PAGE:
30th Anniversary Season Cross Country Feature
By Steve Newton, thesummitleague.org
When is the last time you have heard an athlete say that the less than ideal field conditions helped them in competition? Just ask Southern Utah University's Jess Baumgartner about his experience at the 2006 NCAA Cross Country National Championships when the course looked more like the famed Churchill Downs after the Kentucky Derby. Ironically, the surface aided by Mother Nature, helped the Cedar City, Utah native carve his way into The Summit League and NCAA record books.
Suffering through multiple injuries during his collegiate career, Baumgartner remained healthy throughout the 2006 season and was determined to improve on his 2004 NCAA National Championship performance where he finished 51st. There was the foot pain he experienced prior to the 2006 NCAA Regional, but unlike his earlier medical setbacks, no rest or recuperation time was required.
"During my running career, I struggled through many injuries and could never have more than a few months of consistent training before I was forced to take more time off," Baumgartner said. "Leading up to the NCAA National Championship, my training had been the most consistent I have ever had. I felt prepared and my goal was to place in the top 20 and perhaps top 10 at Nationals."
The championship course was soft and muddy after rain storms had soaked the Terre Haute, Ind., area the week prior. Baumgartner used the surface to his advantage, as the mud had a cushioning effect on his feet.
When the race began, he nudged his way into the front pack, shook off the muck that was kicked up from the competitors ahead, and with less than 1,000 meters to run, surged ahead with Brigham Young's Josh Rohatinsky and Stanford's Nef Araia for the national title.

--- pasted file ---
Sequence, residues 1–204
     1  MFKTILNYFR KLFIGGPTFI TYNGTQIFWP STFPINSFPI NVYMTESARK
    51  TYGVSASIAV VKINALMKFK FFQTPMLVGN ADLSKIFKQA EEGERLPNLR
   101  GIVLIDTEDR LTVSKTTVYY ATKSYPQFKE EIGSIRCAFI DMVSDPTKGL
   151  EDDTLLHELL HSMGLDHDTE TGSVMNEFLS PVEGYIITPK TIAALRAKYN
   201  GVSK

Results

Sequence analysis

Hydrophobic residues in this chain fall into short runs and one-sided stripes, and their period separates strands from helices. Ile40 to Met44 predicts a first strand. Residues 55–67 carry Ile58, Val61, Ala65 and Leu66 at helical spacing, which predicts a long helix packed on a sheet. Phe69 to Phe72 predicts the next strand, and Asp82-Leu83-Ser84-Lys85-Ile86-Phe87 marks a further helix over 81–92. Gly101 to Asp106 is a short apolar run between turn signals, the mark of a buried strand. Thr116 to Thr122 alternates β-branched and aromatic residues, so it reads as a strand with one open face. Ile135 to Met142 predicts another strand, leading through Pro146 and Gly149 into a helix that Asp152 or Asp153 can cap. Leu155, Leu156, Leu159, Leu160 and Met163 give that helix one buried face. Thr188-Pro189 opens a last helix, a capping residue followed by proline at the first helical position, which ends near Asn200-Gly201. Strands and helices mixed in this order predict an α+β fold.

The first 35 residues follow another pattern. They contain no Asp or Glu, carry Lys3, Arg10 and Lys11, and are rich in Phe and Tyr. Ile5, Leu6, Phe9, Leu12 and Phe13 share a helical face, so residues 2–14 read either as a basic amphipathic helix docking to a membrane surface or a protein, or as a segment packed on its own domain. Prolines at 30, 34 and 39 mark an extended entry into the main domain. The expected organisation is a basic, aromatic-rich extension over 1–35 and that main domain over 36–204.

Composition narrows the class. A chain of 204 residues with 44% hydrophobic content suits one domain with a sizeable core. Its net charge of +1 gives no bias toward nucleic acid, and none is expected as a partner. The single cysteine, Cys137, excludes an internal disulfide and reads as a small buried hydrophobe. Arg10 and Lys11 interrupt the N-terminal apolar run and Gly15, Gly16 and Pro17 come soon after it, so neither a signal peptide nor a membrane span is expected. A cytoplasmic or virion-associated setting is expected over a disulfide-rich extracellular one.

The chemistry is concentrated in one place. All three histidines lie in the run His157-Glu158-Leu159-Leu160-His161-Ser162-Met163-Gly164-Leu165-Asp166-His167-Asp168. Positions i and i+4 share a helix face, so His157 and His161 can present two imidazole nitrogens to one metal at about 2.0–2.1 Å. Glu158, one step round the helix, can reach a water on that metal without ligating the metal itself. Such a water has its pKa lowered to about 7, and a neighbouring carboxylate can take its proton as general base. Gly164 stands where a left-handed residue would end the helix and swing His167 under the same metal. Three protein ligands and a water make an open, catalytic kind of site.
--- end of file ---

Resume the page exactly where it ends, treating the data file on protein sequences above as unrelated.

"I was surprised, to say the least, that there were only three of us with 800-1,000 meters to go," he said. "The fatigue was really setting in when Rohatinsky and Araia put in a kick toward the end. I didn't go with them at first, but shortly after, I found some strength and began to pick up the pace."
By the time Baumgartner found the energy to chase, Rohatinsky had separated from Araia. Rohatinksy grabbed first (30:44.9), with Araia finishing second (30:52.6) and Baumgartner (30:53.2), just behind, in third.
Baumgartner's third-place finish in 2006 is still the best finish at the NCAA Championships for any Summit League or Southern Utah cross country runner.
Honored as an All-American after his national championship run, it was just one of several prestigious awards Baumgartner received while running at SUU. He was an Academic All-American three times, received two league cross country Athlete of the Year awards, and was a nine-time conference athlete of the week.
"I was very pleased to have finished third at Nationals," he said. "It is difficult to put into words my feeling when receiving the third place trophy and becoming an All-American Cross Country Athlete. The NCAA Cross Country Championships is the race that we train for and to place third was a great culmination to my college running career."
Baumgartner, who was originally offered a scholarship to Southern Utah out of high school, went on a two-year mission for the Church of Jesus Christ of Latter Day Saints and returned to compete for the Thunderbirds as a walk-on in 2004. It was SUU's reputation in the cross country community that lured him back to his hometown university.